11. 4 out of 5

    Donna

    The parents of Jeff Link, the editor of this book, are friends of mine and I've had the fun of seeing the progress of the book and making comments on it. This December, right before the Holidays, I was given a copy of the book. I finally got to picking it up this week and just finished it today and I was very moved by the stories that Chris told. What I really appreciated is that Chris resists the temptation to preach about anything. Instead he simply tells what happens and his feelings about it The parents of Jeff Link, the editor of this book, are friends of mine and I've had the fun of seeing the progress of the book and making comments on it. This December, right before the Holidays, I was given a copy of the book. I finally got to picking it up this week and just finished it today and I was very moved by the stories that Chris told. What I really appreciated is that Chris resists the temptation to preach about anything. Instead he simply tells what happens and his feelings about it. The whole feel of the book is that you're sitting with Chris over a beer (or a near beer in Iraq) and he's telling you about his day. He speaks in non-medical jargon and doesn't pull any punches about his frustration with the war and the military when it comes to trying to help those in need. "Everyone has a story" and it is well worth your time to listen to Chris Coppola's story regardless of your feelings about the war. Thank you Chris for sharing.

  12. 5 out of 5

    Cindi

    I can't even remember where I heard about this book. This is an eye-opening, shocking book that makes so much more sense than the sterile reports that so many U.S. Military and so many Iraqi citizens were killed today. Many, many emotional parts to this book which also includes a lot of the detail about wounds from IED's and gunshot wounds. This book doesn't have the feel of anti- or pro-war. It looks at the positives and negatives while wishing war didn't exist. Don't we all wish it didn't? It's I can't even remember where I heard about this book. This is an eye-opening, shocking book that makes so much more sense than the sterile reports that so many U.S. Military and so many Iraqi citizens were killed today. Many, many emotional parts to this book which also includes a lot of the detail about wounds from IED's and gunshot wounds. This book doesn't have the feel of anti- or pro-war. It looks at the positives and negatives while wishing war didn't exist. Don't we all wish it didn't? It's not political in nature. Chris Coppola was torn between two worlds. I'm glad he wrote his story. Watch out for limited language in this book as well as descriptions of gore. Not for the faint of heart, but a story worth hearing.

  13. 5 out of 5

    Dawn

    Well, I just plain changed my mind on reading this one. I still think it would be a good book subject-wise, but somehow the way it is written is just gorry to me. It's very surgical, with lots of medical terms that I'm sure must mean more to someone in a medical field, but just made me think of blood and yuck much more than anything else. Maybe someone else can read this book and get my brain past that, and then I'd be willing to give it another shot. I didn't get past the trauma in the military Well, I just plain changed my mind on reading this one. I still think it would be a good book subject-wise, but somehow the way it is written is just gorry to me. It's very surgical, with lots of medical terms that I'm sure must mean more to someone in a medical field, but just made me think of blood and yuck much more than anything else. Maybe someone else can read this book and get my brain past that, and then I'd be willing to give it another shot. I didn't get past the trauma in the military ER, but maybe I just need to skip over that next time and give it another try. Let me know if anyone else tries it out.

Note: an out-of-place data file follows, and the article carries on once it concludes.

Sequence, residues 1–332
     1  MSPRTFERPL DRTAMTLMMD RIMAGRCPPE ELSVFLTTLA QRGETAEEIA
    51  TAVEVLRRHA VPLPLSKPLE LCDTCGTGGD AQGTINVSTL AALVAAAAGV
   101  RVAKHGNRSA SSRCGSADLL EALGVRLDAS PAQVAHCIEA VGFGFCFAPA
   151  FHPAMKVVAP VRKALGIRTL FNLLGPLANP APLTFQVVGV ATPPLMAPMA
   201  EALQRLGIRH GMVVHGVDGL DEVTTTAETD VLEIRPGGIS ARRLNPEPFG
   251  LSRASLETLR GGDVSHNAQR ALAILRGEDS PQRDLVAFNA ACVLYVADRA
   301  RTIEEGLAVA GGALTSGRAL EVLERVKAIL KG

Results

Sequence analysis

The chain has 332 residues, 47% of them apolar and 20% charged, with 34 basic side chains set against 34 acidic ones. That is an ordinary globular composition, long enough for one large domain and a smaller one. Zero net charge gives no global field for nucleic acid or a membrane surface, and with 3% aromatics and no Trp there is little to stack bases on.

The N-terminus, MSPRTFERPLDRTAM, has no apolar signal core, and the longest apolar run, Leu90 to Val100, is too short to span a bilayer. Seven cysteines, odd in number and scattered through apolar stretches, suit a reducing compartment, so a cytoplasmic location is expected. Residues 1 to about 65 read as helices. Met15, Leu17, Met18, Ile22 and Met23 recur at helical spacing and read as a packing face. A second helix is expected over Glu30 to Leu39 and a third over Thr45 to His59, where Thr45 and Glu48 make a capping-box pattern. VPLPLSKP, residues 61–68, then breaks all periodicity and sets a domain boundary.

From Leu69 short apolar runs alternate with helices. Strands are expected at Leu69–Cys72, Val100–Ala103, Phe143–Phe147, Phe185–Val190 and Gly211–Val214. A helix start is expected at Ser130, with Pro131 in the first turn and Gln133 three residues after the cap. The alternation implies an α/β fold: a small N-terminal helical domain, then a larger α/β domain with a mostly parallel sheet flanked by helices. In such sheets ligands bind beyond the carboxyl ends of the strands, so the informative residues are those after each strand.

14. 5 out of 5

    Libraryscat

    When I began reading Dr. Coppola's narrative of his tours of Iraq, I hoped that I would be able to read about the medical aspects of his experiences without regard to my personal beliefs regarding the war in Iraq. I was immediately impressed with the author's candid discussion of his own beliefs and how they were set aside for the sake of the children and mothers who are still "collateral" damage in a war that will be difficult to win. I am proud to have read this very interesting and informativ When I began reading Dr. Coppola's narrative of his tours of Iraq, I hoped that I would be able to read about the medical aspects of his experiences without regard to my personal beliefs regarding the war in Iraq. I was immediately impressed with the author's candid discussion of his own beliefs and how they were set aside for the sake of the children and mothers who are still "collateral" damage in a war that will be difficult to win. I am proud to have read this very interesting and informative book.

  15. 5 out of 5

    Naomi

    My daughter recommended this book to me and I'm glad she did. It's the first time I've ever read a first person account of someone from our military's experience in Iraq. Not only did I gain insight into what our troops experience--the conditions, the range of feelings, and oftentimes the internal conflict. I also feel like I now have a better sense of the war itself (whether I agree with it or not), and what the Iraqi people experience. Particularly for people like me, who rarely come into cont My daughter recommended this book to me and I'm glad she did. It's the first time I've ever read a first person account of someone from our military's experience in Iraq. Not only did I gain insight into what our troops experience--the conditions, the range of feelings, and oftentimes the internal conflict. I also feel like I now have a better sense of the war itself (whether I agree with it or not), and what the Iraqi people experience. Particularly for people like me, who rarely come into contact with people serving in the military, I highly recommend reading this book.